Since real scientists are usually never happy with the result and they are never final results, they keep searching for this better solution. From my point of view it is to create and train a neural network, or more precise, an artificial neural network.

So what is an artificial neural network per definition?

“An artificial neural network (ANN), usually called neural network (NN), is a mathematical model or computational model that is inspired by the structure and/or functional aspects of biological neural networks. A neural network consists of an interconnected group of artificial neurons, and it processes information using a connectionist approach to computation.

In most cases an ANN is an adaptive system that changes its structure based on external or internal information that flows through the network during the learning phase. Modern neural networks are non-linear statistical data modeling tools. They are usually used to model complex relationships between inputs and outputs or to find patterns in data.”

The last 5 words in the definition are clearly defining the use of a neural network for accelerated quality assurance systems – to find patterns in data and use these patterns to find the defect category accordingly.

Artificial neural network

An neural network is typically defined by three types of parameters:

  • The interconnection pattern between different layers of neurons
  • The learning process for updating the weights of the interconnections (hidden)
  • The activation function that converts a neuron's weighted input to its output activation

As I have tried to explain, it is quite tough to identify defects just based on different gray value intensities. Some parameters of the neural network offer full capabilities to feed it basic information from scanned data, so called features, to find the best result possible. Each feature (input) has a certain weight of importance and during the training process of the neural network these weights are adjusted, based on the output results via feedback. With the weight adjustments, the system is adjusted to its perfection.

So basically, the neural network uses some basic rules to identify what to do next and then uses a knowledge database to combine knowledge with news and combine them to the best possible result. When you have a representative database of samples, which describes different types of scratches, for example, it is much easier to categorize this defect as a scratch and, whenever a new imput arrived to the hidden area to analyze defects in depth, the final output is stored and therefore “learned” by the system.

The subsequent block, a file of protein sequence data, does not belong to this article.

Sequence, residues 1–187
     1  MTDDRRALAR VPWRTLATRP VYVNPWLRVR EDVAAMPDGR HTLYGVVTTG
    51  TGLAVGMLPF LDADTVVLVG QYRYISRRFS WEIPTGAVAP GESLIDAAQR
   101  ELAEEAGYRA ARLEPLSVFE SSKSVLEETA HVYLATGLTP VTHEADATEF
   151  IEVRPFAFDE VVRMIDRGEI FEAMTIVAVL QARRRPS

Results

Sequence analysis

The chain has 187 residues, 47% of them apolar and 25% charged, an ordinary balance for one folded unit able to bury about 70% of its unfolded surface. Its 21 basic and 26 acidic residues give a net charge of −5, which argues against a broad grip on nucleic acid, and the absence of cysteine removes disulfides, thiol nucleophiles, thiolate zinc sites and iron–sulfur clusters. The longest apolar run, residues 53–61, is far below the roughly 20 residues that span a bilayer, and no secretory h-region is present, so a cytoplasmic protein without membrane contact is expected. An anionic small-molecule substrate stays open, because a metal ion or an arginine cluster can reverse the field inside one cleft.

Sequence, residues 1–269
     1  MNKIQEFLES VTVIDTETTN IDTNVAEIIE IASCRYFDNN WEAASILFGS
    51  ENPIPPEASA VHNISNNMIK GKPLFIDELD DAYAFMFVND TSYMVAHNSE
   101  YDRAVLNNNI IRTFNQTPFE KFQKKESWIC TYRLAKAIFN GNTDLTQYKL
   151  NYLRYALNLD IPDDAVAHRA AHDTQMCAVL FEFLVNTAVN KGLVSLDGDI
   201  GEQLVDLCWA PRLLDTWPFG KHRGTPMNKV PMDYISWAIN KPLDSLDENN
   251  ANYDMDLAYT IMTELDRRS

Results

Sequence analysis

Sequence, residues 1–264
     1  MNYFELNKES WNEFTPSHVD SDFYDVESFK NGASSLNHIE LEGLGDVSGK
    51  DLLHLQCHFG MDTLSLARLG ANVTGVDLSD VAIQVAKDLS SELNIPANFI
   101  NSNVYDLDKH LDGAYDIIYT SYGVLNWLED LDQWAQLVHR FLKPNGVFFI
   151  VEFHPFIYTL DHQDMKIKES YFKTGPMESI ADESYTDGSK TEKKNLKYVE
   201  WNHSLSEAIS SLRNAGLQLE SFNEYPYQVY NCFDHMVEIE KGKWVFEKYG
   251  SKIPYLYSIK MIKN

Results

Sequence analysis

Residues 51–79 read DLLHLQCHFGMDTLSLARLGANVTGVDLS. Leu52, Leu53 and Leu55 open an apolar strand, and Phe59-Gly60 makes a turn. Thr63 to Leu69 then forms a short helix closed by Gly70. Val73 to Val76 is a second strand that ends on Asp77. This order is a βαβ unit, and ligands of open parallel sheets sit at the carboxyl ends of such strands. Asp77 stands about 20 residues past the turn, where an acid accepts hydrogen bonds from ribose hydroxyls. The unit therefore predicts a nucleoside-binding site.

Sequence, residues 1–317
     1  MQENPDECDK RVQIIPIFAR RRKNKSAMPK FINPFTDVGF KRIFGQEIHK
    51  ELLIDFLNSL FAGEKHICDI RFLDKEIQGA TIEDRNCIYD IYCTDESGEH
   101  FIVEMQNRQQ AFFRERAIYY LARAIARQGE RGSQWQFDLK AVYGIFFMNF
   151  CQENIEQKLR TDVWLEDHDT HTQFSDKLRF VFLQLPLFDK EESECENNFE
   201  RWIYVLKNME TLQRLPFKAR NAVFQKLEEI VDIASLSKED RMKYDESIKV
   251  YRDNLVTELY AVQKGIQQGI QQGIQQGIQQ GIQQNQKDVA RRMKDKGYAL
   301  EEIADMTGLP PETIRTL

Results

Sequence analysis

Without that reference database, it is really tough to determine the difference between e.g. a scratch, a pen mark or a strand. They all have a very similar structure, but with a neural network the decision to find the right defect category is easy.


Progress is made in the development of all glass products every year, especially new coating types are introduced to the markets quite frequently. A neural network is the only chance to quickly adjust to the new market situation for quality assurance solutions providers. No re-programming is required, just feed the database with scan data of the new defects and the system provides instant improved quality assurance.

Whenever you go towards a decision process, please make sure that you analyze all demands of your company in depth and evaluate the current need, but do not forget the future. A brand new scanner combined with software might be outdated within the next year if it is not flexible enough to grow with the needs within your factory.

Ing. Christian Krenn - Softsolution GmbH

600450 Accelerated Quality Assurance – The Future